(CNN) -- The Amazon rainforest is so vast and full of life that even its defenders don't know exactly what it is they are protecting.
In the past 40 years, roughly 20 percent of the Amazon rainforest has been wiped out.
"The wealth of biodiversity is so immense, we cannot even estimate the amount we don't know," says Cláudio C. Maretti, Brazil-based director for conservation for the World Wildlife Fund. "Every new expedition you do to the Amazon, you might find one new species of fish. Every other, you might find some new bird or frog."
The Amazon rainforest, which encompasses an area nearly as large as the continental United States and stretches across nine countries, is considered the world's richest and most varied natural habitat, with several million species of insects, plants, birds and fish calling it home. It also plays an important role in regulating Earth's temperature as its dense vegetation absorbs carbon dioxide and releases oxygen into the air.
But the Amazon has been under pressure from outside forces for decades. In the past 40 years, roughly 20 percent of the rainforest has been wiped out. Maretti says an additional 17 percent has been degraded to varying degrees.
"We have been deforesting at enormous rates," Maretti says. The chief drivers of this deforestation are large-scale business interests involved in logging, mining, agriculture and, especially, cattle ranching. Some of this activity is sanctioned by the government; much of it is not. Greenpeace estimates as much as 80 percent of the logging is illegal.
The Amazon rainforest is just one of many habitats around the world threatened by encroaching development or natural resource extraction. The Food and Agriculture Organization (FAO) of the United Nations estimates that 50,000 square miles of forest -- more than three times the size of Switzerland -- are lost each year because of clearing and degradation.
The threat is particularly acute in the more tropical areas of South America, Africa and Southeast Asia.
Cambodia, for example, lost nearly 30 percent of its primary forests from 2000 to 2005, according to FAO. Vietnam lost close to 55 percent of its primary forests, FAO found. And Nigeria lost nearly 56 percent of its primary forests over the same period, the worst rate of forest loss in the world, according to FAO.
The destruction of the Earth's oldest and richest forests is not a new phenomenon, but the rate of destruction has increased in recent decades.
"Worldwide, one-half of all forests we've lost in the last 10,000 years has occurred in the last 80 years. Half of that was destroyed in the last 30 years," says Scott Paul, Forest Campaign Coordinator for Greenpeace.
Paul says the chief driver of forest destruction is the buying and selling of forest products and farm products in the international market, not to meet local needs.
"The timber market, and also for agriculture, mining: When it plugs into the international economic system, that's when you've got to watch it," he says.
Paul would like to see a certification system so that consumers know the source and conditions under which the product they're consuming was harvested.
"If you buy wine and cheese, we can tell the region and the year. But forest products have always been cut in remote and distant areas and thrown in a pipe and spit out on the other side. There is no way to determine if something came from a well-managed forest or an illegal forest where there is slavery, murder, drug trade, etc.," he says.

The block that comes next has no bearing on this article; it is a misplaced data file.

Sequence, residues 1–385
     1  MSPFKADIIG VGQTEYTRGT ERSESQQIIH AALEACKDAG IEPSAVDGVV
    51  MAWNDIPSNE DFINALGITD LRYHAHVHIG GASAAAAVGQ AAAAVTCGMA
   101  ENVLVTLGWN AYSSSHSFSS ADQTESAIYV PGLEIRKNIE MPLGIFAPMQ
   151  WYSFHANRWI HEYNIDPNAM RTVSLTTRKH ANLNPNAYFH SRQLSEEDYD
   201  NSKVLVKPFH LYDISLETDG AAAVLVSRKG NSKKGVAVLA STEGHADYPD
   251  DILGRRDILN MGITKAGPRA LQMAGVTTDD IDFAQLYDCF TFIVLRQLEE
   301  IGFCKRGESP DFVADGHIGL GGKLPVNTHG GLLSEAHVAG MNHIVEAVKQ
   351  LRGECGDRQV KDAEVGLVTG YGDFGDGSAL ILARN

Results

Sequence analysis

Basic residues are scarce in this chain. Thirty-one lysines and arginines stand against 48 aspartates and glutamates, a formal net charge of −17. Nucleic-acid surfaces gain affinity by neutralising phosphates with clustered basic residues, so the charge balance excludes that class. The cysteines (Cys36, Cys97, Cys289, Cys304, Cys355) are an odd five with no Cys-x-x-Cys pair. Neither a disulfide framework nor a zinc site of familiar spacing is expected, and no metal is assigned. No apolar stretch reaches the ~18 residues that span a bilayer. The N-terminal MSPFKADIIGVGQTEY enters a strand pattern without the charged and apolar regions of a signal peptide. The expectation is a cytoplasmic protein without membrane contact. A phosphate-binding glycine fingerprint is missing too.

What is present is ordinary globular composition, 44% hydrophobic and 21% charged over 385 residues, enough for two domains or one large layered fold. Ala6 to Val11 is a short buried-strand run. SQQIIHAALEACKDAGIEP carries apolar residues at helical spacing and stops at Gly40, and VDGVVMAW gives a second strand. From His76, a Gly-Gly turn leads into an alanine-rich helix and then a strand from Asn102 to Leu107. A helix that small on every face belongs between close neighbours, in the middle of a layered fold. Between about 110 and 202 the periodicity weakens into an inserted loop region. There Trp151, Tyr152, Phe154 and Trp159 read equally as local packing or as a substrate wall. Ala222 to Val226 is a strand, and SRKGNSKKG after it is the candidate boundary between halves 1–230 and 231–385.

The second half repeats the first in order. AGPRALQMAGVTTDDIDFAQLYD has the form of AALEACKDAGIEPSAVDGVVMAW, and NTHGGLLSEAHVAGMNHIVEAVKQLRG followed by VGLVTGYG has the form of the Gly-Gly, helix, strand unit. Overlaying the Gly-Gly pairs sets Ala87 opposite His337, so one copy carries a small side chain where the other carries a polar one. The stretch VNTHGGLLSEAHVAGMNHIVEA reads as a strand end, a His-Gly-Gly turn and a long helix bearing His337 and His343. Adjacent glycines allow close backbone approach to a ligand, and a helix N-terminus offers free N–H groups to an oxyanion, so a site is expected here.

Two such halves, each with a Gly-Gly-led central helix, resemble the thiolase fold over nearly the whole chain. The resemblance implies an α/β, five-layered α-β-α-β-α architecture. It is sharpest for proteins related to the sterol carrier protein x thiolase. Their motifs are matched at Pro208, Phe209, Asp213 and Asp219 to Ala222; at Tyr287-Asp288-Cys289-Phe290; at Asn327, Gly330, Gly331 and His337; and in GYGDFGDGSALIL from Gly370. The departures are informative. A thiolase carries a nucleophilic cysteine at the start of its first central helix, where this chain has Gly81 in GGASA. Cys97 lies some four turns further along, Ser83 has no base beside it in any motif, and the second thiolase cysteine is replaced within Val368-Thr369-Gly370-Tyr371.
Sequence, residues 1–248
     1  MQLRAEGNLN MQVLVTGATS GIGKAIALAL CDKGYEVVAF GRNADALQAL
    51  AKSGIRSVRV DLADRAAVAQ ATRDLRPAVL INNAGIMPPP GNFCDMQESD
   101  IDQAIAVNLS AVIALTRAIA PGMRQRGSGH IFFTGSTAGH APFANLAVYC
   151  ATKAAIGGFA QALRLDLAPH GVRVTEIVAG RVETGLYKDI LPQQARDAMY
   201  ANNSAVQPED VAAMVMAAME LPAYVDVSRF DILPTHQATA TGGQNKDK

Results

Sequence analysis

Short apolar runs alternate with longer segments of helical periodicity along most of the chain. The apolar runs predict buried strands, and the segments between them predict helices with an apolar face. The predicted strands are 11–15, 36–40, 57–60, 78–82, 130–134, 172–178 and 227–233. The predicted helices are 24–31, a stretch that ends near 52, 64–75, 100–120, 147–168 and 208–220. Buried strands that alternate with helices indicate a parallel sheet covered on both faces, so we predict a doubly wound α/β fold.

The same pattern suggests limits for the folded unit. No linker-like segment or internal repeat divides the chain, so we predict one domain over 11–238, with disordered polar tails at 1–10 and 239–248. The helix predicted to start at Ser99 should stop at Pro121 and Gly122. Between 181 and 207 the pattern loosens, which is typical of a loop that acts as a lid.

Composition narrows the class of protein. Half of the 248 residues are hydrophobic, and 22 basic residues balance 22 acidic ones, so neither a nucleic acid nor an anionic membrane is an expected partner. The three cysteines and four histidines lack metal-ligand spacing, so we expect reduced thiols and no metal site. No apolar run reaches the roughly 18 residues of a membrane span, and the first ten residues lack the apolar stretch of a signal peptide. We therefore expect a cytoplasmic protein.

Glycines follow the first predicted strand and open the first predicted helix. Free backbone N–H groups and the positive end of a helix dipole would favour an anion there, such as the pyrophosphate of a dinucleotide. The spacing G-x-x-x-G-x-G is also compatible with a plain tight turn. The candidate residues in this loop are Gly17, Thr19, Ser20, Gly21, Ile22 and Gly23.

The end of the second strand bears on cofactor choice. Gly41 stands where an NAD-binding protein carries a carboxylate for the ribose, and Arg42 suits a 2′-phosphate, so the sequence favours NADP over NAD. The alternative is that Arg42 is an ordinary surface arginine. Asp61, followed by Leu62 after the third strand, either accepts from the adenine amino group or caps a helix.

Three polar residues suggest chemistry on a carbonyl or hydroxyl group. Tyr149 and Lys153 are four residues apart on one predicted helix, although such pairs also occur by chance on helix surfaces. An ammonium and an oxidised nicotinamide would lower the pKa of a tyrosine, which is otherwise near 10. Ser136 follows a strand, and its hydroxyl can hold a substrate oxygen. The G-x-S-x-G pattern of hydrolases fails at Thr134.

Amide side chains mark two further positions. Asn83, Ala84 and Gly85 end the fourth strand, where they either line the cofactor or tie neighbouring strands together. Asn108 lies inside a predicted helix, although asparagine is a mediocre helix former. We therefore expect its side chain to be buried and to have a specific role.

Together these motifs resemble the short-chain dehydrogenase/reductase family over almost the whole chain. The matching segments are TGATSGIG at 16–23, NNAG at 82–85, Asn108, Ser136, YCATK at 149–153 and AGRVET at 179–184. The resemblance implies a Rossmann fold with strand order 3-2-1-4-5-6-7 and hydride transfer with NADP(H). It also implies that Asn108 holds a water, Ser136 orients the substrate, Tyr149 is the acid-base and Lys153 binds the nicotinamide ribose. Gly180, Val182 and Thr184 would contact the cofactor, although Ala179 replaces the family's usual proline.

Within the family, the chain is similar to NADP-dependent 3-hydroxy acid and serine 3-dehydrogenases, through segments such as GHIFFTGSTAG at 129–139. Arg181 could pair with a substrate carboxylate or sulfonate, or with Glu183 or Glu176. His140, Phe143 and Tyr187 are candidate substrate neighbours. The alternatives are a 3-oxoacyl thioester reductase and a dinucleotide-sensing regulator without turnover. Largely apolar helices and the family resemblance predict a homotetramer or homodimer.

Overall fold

While the story of the world's old-growth forests would appear to be one of unremitting destruction, forests lost to logging and agriculture are actually growing back in some areas, such as the northeast region of the United States and parts of Europe. This thrills some wildlife advocates who would like to see the restoration of exiled or decimated species.
"Northern New England is the only place in the eastern United States where you have the potential for large-scale wilderness where wolves, lynxes, cougars, woodland caribou and salmon rivers could be restored," according to Michael J. Kellett, executive director of RESTORE: The North Woods. "We could literally have almost the entire ecosystem of the Maine woods as it once was."
With large-scale agriculture all but gone from New England and logging companies concentrating their attention elsewhere, Kellett's biggest fear is that real estate development could begin to carve up the vast forests of Maine. His proposed solution: create a national park.
In Brazil in recent years, the government reportedly has stepped up efforts to slow the Amazon's destruction.
Last October, Brazil said the rate of deforestation plunged 41 percent because of the enforcement of environmental laws. Environmental groups say the drop also was caused by the fall of soy prices and the rise of Brazil's currency against the dollar, making the country's exports more expensive.
The World Wildlife Fund's Maretti is hopeful that Brazil, with international help, will be able to protect even more of the Amazon, an area he considers among the most vital natural habitats in the world.
"We do have strong civil society. We do have more governance," Maretti says. "But we certainly need support from abroad. I don't believe Brazil can do this job alone." E-mail to a friend
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